Friday, September 4, 2009

baby snakes and baby birds

I saw a tiny baby garter snake this morning slipping beneath the hundred year agaves. It had a yellow stripe down its back and two white stripes running beside the yellow, and its head was almost black. It was only about six or eight inches long. I heard it before I saw it as it moved across the dried leaves and mulch. When I knelt beside it and spoke in a soft voice it paused and turned its head toward me the way the baby lizards do when they hear my voice. Then the dog ran up beside me and the snake tried to climb the cement retaining wall, but it was too small. I told Buddy to sit and we both stood very still, watching as the snake tried to find its way to a safer place. It finally turned back toward me and slithered beneath the oregano leaves at my feet. It was so tiny, but I could still see the tip of its tail sticking out. When it was settled and confident that it was hidden, Buddy and I walked back into the house.

We have been tracking the birds around the house and I am certain now that the baby birds from all three nests are still living on our property. Some of them stay in the forest behind the house, but the small brown birds seem to be living in the trees in the front yard. The cardinals are starting to look less like teenagers and a little more like adults. They looked so awkward for awhile. They look far more mature now. I have to admit, though, that when their feathers were changing, they really did look beautiful in their own way. Innocent, even a little naive.

The hummingbirds seem to be increasing their activity, which surprised me. I thought they would be moving on by now, migrating further south, but they're not. In fact, we are seeing more of a variety. In addition to the ruby-throated birds, we are also seeing birds with sparkling green backs, and birds with gray patterns on their chest and throat. They are all so delicate, and yet, when they circle around each other, fighting for a spot at the feeder, they also appear to be tough and resilient, like little scrappers. I love watching them. There was eight of them at the back door this afternoon, swooping and diving and chasing each other. When I took the dogs out, they continued to fly around my head, seemingly oblivious to my presence. They fly so close to me sometimes that I can feel the air against my cheek from the flutter of their wings, and their song is a lovely musical chirp that is almost as delicate in sound as their tiny bodies.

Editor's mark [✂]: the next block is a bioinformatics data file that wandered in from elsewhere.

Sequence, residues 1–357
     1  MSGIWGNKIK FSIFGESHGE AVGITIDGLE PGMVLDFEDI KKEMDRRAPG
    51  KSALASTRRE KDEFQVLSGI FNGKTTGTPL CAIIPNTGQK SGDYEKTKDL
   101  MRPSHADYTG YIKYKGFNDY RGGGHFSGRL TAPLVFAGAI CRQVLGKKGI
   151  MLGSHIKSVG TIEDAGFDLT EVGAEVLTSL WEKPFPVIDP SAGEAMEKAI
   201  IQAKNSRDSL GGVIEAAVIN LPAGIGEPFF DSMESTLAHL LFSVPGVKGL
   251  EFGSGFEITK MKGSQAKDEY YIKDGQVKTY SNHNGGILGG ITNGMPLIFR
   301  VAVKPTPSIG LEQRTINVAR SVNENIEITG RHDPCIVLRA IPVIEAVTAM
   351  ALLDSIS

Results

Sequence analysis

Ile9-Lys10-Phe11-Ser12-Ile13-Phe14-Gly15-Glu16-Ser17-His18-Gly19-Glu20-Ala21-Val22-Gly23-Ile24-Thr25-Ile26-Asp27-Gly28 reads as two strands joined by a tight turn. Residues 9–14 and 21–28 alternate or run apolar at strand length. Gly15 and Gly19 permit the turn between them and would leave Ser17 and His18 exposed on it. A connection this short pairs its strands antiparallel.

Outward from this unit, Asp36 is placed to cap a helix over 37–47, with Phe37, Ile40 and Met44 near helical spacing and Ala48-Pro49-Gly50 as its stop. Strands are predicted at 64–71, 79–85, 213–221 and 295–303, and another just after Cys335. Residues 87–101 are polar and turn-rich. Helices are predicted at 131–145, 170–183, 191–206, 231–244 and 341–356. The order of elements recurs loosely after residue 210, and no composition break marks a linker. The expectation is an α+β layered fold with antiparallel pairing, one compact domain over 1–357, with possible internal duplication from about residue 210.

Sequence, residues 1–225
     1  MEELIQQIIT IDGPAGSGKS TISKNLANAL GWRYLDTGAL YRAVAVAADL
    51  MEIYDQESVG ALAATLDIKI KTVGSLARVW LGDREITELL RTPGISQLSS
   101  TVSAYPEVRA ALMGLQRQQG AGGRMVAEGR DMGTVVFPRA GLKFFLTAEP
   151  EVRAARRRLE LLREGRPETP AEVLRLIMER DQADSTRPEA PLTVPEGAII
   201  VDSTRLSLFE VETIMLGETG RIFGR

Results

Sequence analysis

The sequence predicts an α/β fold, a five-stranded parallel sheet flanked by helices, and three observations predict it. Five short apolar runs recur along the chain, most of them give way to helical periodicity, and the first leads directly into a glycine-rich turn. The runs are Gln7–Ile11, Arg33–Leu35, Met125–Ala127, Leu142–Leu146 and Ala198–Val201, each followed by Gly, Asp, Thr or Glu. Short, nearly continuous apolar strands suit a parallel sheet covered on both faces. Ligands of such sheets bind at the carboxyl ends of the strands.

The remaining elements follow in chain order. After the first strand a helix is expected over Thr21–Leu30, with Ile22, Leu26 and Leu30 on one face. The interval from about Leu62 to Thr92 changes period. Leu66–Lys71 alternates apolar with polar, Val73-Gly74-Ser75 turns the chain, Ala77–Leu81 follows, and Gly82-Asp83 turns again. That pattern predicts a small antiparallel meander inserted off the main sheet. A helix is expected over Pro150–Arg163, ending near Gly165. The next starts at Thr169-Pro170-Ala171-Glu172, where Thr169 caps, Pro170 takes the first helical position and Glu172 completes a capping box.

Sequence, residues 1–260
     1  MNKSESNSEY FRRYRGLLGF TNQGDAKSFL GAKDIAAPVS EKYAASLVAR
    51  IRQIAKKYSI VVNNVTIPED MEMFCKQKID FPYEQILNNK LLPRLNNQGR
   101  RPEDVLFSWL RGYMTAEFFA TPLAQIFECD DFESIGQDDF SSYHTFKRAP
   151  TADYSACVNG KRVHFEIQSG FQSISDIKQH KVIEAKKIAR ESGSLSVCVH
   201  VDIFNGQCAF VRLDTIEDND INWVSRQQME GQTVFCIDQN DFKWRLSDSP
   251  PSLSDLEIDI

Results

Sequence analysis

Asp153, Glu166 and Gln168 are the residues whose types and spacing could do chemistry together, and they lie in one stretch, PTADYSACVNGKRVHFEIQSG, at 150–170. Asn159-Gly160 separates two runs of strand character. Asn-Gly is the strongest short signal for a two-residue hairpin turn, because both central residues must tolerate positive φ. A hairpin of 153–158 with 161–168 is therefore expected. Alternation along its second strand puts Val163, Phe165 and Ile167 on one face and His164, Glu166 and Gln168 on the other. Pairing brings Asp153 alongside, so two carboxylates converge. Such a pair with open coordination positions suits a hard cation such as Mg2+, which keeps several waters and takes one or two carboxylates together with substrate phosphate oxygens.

I see more and more baby lizards each day, too. We had a record baby lizard hatching this year. I was working in the side garden yesterday, transplanting rosemaries, when I disturbed a tiny lizard with black stripes running down its back. I stopped to speak to it and it paused and bobbed its head the way they do when they hear soft sounds, and just as it started to move away I noticed a baby anole a few inches beyond us, and the large, dragon-like lizard who lives on the side wall scampered past and into the rocks, as well. I haven't seen the road runner in our yard since spring, which may explain why we have so many lizards running around.

I found two scorpions in the house this morning. One was on my yoga mat when I got out of my shower. The other was in the doorway leading from the den into the kitchen. I was worried at first that the one in the doorway might have stung one of my dogs because they were all acting a little strange, then I realized they were just whining because they wanted to go outside. The scorpion on the yoga mat was curling its tail, ready to strike my cat. The one in the doorway was lying flat and almost dead. I keep thinking they are slowing down because the weather is changing, but I guess not. I do love all of God's wonderful little creatures, but there are some that I wish would stay in the forest behind our house!

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